$3,040,000 Verdict in Gary, Indiana for Blackjack Dealer Awarded for Slip and Fall on Ice in Trump Casino Parking Lot
“Joe” (not his real name) worked as a blackjack dealer for one of the casino boats located at Buffington Harbor in East Chicago Indiana.
He went to work on a February night when he slipped and fell on an icy patch in the Trump Casino parking lot (operated by Buffington Harbor Trust). He suffered spinal injuries, which necessitated surgery due to a herniated disk in his lower spine.
The surgery was called a “discectomy” which is a surgery to remove lumbar (low back) disc material that oozed out of its protective coating and pressed upon a nerve root of the spinal cord. An orthopedic surgeon excised (removed) the jelly-like substance that was causing Joe great pain by pressing up against a nerve in his lower spine.
The only problem? He developed a bone infection called “osteomyelitis” which literally began to “eat” his bones away in his lower spine. A prosthetic metal cage was inserted into his lower back for stability. He never fully regained the ability to bend or walk without pain.
As a result of this surgical complication, he could not complete his job as a blackjack dealer and was fired.
Although his medical bills were paid by a worker’s compensation insurance company (because he was on the “job” as he was entering work that night), he was not given any termination pay.
Additionally, Indiana laws called “subrogation” required Joe to pay back the worker’s compensation insurance company if he recovered any monies from suing the landowner – Buffington Harbor Trust (not the same entity for which he was employed).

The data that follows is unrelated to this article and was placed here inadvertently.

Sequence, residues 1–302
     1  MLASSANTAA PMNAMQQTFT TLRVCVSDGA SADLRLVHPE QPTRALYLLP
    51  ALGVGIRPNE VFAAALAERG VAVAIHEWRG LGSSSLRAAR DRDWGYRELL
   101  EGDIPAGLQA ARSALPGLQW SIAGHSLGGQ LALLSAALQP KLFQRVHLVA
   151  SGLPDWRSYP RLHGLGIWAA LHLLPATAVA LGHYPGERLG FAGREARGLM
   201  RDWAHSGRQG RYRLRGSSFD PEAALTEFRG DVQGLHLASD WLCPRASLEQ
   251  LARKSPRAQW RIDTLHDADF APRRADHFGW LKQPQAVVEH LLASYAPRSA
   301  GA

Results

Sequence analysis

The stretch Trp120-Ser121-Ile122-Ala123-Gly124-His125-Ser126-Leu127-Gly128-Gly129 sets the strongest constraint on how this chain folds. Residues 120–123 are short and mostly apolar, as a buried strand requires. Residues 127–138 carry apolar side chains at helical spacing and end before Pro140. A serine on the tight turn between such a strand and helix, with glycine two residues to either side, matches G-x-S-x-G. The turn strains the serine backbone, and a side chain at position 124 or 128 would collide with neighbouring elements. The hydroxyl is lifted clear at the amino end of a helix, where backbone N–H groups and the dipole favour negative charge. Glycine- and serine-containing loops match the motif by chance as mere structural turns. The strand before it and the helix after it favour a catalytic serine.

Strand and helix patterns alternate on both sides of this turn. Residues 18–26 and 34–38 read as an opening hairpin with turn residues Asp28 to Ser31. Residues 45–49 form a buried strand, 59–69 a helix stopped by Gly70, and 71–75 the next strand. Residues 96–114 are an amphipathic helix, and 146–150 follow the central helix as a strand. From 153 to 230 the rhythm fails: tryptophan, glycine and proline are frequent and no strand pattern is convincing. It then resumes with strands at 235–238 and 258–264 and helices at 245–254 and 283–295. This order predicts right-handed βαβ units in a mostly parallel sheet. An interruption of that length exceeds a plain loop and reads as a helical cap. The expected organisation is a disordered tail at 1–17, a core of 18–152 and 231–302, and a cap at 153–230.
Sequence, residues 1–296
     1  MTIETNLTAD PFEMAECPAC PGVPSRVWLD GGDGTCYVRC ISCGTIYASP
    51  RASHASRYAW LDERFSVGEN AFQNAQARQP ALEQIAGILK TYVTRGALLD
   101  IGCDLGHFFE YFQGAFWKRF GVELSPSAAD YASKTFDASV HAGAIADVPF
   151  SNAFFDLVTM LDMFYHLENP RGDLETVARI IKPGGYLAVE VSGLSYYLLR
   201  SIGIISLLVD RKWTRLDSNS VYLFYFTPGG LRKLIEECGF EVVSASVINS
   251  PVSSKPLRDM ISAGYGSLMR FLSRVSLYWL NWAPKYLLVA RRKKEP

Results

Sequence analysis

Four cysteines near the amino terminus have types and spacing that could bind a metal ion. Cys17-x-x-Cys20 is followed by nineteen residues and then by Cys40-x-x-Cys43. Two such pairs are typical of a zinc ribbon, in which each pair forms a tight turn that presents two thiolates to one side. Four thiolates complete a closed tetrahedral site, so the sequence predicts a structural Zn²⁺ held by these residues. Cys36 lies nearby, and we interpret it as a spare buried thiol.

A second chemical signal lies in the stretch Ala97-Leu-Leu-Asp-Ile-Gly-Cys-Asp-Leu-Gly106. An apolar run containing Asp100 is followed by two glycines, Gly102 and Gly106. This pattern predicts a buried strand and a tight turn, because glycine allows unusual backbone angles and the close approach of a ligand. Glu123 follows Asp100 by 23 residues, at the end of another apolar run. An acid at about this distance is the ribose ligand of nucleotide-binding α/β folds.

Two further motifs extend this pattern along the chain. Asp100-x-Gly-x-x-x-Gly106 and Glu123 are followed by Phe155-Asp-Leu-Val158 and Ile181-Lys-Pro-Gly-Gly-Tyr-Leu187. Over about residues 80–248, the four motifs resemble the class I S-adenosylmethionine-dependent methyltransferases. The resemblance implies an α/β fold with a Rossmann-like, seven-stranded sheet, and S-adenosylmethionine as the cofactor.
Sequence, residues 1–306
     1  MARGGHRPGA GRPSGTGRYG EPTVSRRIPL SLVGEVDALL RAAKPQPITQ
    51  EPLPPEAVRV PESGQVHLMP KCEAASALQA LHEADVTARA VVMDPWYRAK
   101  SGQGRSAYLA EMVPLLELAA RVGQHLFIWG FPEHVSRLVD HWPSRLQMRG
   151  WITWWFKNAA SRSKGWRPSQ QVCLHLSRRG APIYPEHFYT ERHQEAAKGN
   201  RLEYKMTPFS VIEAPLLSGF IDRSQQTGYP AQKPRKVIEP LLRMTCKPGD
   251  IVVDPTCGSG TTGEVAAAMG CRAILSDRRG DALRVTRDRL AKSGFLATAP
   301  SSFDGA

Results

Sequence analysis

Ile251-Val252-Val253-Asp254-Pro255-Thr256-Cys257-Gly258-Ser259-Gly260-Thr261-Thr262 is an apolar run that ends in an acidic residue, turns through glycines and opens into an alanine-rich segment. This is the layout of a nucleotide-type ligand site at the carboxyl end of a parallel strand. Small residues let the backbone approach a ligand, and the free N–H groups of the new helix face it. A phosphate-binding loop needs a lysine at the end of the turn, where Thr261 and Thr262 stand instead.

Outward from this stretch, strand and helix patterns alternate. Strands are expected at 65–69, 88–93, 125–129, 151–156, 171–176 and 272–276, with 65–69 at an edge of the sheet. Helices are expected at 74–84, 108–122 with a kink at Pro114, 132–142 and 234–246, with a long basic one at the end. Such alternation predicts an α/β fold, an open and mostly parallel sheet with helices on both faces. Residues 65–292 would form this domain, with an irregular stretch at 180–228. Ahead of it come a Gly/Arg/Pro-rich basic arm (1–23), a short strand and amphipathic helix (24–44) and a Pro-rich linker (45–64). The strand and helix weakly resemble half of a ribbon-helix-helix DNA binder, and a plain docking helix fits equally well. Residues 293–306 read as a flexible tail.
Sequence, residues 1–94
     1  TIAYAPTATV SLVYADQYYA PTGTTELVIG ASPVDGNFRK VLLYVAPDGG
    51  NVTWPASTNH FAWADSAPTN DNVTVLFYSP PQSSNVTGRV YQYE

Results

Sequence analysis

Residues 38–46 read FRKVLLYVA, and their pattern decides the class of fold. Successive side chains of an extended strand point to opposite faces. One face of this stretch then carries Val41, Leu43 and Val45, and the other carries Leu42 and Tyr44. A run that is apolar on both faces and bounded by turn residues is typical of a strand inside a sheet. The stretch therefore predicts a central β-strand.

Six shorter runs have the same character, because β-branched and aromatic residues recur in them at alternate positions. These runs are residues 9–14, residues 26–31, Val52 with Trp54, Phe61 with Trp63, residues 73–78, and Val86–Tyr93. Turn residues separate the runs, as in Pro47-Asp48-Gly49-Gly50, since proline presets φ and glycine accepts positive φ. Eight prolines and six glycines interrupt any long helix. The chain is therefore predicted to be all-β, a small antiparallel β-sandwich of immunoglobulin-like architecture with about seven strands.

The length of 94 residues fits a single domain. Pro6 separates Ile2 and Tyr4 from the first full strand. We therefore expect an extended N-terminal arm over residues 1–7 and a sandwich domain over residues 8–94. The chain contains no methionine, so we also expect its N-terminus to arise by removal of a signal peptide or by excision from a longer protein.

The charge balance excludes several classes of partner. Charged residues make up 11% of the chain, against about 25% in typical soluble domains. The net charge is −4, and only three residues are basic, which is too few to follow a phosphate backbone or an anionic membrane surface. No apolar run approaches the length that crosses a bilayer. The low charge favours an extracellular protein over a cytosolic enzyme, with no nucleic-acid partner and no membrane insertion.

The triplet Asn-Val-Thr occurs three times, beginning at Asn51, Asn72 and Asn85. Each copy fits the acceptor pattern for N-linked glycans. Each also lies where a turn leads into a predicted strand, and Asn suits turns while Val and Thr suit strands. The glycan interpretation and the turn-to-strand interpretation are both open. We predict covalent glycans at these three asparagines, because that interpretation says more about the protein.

Joe was prevented by the “exclusive remedy” law in Indiana which prevents an employee injured on the job from suing his employer. This limits an injured person on the job to seek only worker’s compensation remedies.
Joe didn’t know where to turn. That’s when he called Attorney Jeff JJ Shaw, who determined that Joe’s employer was not responsible for maintenance of the parking lot in which he fell, but rather the landowner had a contract with a snowplow company.
Attorney Jeff JJ Shaw was able to acquire the contract between the landowner and the snowplow company where he discovered an interesting fact – although the snow plow company was required to come and plow the casino parking lots whenever snow accumulation exceeded 2” inches or more of snow, there was no provision in the contract that necessitated a visit by the same snow plow company to check for ice buildup whenever there was not a 2” inch snowfall.
In other words, unless there was a significant snowfall, there was nobody – not the casino, not the snow plow company, not the landowners – who inspected the casino’s parking lots for ice when it did not snow.
Every customer, patron, and employee was literally on their own when it came to parking lot safety unless it snowed. Ice buildup was simply ignored by all.
A 3-day jury trial in front of the late Honorable Gerald Svetanoff (a true gentleman and scholar) got heated when witness after witness for the snowplow company and casino refused to accept responsibility.
In fact, the landowners and its lawyers argued that Joe was to blame and he should have been aware of the ice and that the parking lot was clear (even though they admitted nobody did an inspection).
Attorney Jeff JJ Shaw was able to locate the original contract between the casino and the plow company which showed the company had been called to the scene but had not been called back by the casino after the ice had continued to accumulate after the plows had left earlier that same night.
Eventually, the casino fired the worker for being unable to perform his duties.
The jury found for the worker and awarded $4,000,000 (reduced to $3.04M for comparative fault) in damages.
One interesting note was the concept of consortium, an old legal theory that a wife should be entitled to damages when a spouse is severely injured. Due to the fact that Joe’s wife divorced him during the proceedings, the jury awarded her $0.
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